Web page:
Carnet de Voyage: Camargue Cruise

Carnet de Voyage: Camargue Cruise

Travel notes from the real France. Carnet de Voyage is a weekly personal travel story in France sent in by readers. If you’d like to write a story for Carnet de Voyage, head here for details on how to submit.

The guy who works at the Nicols base in Bellegarde is bonkers. But a fun type of bonkers. From the minute you meet him you know you’re going to have a great time. We’re not new to river cruises and gliding on the water at a slow pace, with only the sound of our engine to break the silence, is one of our favourite things.  

We’ve hired an Estivale Duo, a nine-metre canal boat for a couple’s getaway, but he tells us, grinning “Due to a technical issue with the Duo you’ve been upgraded! Shall we take a tour of your new boat?”  

 “How on earth do you park this thing?” With its 13.5 metres, you’d be forgiven for thinking that the Sixto Prestige C is the type of boat that requires someone in the bow, someone in the stern and a captain that knows exactly how to take the helm. My wife Cathy glances at me, unsure. Our host – let’s call him Marc – puts his hand on my shoulder and says “No worries! Unlike the Duo, the Sixto has a bow thruster. Everything else works the same.” For us freshwater sailors, a bow thruster is basically the Holy Grail for when it comes to manoeuvring a canal boat. So off we go!   

Twenty centimetres on each side. That’s how much space you’ve got to moor this boat. As we reach the mooring point in the port of Gallician, in the Gard département, a tall blonde 70-year-old blurts out instructions for me to back up into our space for the night. While starting over for the hundredth time, I silently thank whoever invented fenders and I manage to slide the boat in between the two concrete pillars. Laughing his head off, the blonde giant says with a Belgian accent “Not bad for a first attempt! And right on time for an apéritif!”  

About eight-hundred metres from the port we stop at a small bar, clearly a local hangout spot. A dozen big guys joyfully fill the space and welcome us with a nod; with their broad shoulders and dust on their work clothes their life obviously revolves around the famous Camargue bulls. We decide to go with the flow: local anise liquor, beef stew from the boss’ farm and red wine from the boss’ vineyard… A few hours later, the soothing movement of the boat and the water lapping on the hull remind us that we’ve known worse first nights than this one.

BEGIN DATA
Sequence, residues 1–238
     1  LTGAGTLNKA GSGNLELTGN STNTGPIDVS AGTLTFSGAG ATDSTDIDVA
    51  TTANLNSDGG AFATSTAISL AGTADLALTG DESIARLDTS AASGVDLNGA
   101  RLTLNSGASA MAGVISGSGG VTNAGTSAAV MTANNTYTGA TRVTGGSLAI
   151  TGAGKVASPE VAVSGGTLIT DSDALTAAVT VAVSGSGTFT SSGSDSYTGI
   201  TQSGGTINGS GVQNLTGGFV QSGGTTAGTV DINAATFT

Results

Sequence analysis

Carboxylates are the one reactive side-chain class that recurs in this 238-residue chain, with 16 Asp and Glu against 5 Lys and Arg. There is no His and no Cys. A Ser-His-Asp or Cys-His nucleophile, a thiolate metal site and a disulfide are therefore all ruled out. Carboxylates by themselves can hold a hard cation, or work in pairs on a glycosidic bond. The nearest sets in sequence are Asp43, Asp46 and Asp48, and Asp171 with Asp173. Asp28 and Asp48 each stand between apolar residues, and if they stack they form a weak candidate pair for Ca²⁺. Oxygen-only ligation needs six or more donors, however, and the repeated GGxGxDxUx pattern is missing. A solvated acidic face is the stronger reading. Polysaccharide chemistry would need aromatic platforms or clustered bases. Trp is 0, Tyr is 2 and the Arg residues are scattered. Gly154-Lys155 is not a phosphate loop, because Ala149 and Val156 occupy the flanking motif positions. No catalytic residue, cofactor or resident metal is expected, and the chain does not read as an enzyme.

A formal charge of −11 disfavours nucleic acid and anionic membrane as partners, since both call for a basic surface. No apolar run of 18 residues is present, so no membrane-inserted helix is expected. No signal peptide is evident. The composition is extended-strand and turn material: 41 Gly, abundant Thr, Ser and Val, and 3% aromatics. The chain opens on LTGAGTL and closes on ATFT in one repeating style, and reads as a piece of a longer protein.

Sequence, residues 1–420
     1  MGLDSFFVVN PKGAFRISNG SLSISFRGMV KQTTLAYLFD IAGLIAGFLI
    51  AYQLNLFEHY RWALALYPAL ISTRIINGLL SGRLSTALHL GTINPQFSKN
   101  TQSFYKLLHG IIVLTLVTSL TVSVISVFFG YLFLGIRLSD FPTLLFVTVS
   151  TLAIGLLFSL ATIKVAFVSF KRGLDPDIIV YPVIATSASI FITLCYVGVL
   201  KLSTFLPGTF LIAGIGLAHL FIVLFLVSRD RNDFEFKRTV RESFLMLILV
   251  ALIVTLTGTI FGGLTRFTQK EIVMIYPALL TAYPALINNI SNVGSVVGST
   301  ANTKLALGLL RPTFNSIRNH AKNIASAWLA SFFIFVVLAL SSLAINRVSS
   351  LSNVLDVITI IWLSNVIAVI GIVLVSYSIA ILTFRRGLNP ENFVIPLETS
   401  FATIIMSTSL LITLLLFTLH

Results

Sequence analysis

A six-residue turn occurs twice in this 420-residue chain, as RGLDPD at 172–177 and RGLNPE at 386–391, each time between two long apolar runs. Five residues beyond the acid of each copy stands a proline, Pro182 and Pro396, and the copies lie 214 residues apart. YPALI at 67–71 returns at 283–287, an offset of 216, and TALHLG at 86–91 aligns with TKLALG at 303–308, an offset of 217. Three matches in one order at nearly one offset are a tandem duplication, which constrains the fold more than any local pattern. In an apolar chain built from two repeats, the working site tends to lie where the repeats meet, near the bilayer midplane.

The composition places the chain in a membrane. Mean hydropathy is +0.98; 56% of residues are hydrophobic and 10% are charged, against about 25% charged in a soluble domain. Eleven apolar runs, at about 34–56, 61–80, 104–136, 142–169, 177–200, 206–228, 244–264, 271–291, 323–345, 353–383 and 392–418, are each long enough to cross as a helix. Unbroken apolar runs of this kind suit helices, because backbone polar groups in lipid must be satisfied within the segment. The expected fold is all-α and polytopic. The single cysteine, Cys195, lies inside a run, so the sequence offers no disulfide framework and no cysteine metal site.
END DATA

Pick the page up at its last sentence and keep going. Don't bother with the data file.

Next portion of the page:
Jump forward to six o’clock the following morning. What a time to be alive… We see a wild horse with an egret on its rump. As the morning fog slowly recedes it reveals a few herons on an orange-sky backdrop. Here, in the Scamandre nature reserve, all you hear is the silence. After grabbing croissants from the local bakery we start cruising, humbled to be sharing such moments with such majestic beings.  

For lunch, we stop at a dock by a lake near Mauguio, set up cushions on the fly bridge and spend some time counting how many flamingoes we can spot. In the distance we’re able to make out the skyline of a city we know very well, only to realise that this slice of paradise we didn’t even know existed is right outside of the Montpellier suburbs…  

We’ve planned to visit Aigues Mortes for a while and it turns out that the beginning of the week is just the right time for it. We moor the boat at the bottom of the city ramparts. Apart from a busy ring road in the evening, the place doesn’t feel like a tourist trap. And surprisingly, once you stroll away from the main streets, the shops, restaurants, wine cellars and patios all bring their touch of serenity. At night, after 10:30pm, the city is yours.  

Not the partying type, we’ve decided to skip La Grande Motte and Palavas. As we arrive in Maguelone after a few hours of smooth sailing we immediately know we’ve made the right choice. Stuck between a lake and the Mediterranean Sea, this part of the canal offers great viewpoints of local birds nesting. We stop at a mooring point and start exploring the peninsula by foot: its volcanic landscapes and a 12th century cathedral that’s currently under renovation… After 6pm is when it gets interesting. With a sunset to die for and not a soul in sight, the local fauna comes out of hiding. This is undeniably the best discovery of our entire trip.  

In the morning the wind is crashing the party and we understand crossing the vast Etang de Thau is not a reasonable option. Instead, we go swimming at Aresquiers – a beach so vast and wild that it should remain a hidden gem forever. Back on board we know that we have to turn around and start our three-day trip to return to Bellegarde. All that’s left for us to do now is to enjoy every second of it…until we get back to reality.  

This story was first submitted in French for a writing competition set by Nicols.

Read our other Carnet de Voyage entries here.

Gilles is a former communications consultant who took a change of career direction to become an author. For years now, he and his wife Cathy, a jewellery designer, have enjoyed river and canal cruises all across France, allowing them to take a small break from the fast pace of life. In July 2023, Cathy and Gilles decided to take on the Camargue, a region mostly known for its white horses, black bulls, pink flamingos and orange sunsets.

Lead photo credit : The wetlands at the lakes near Mauguio © shutterstock

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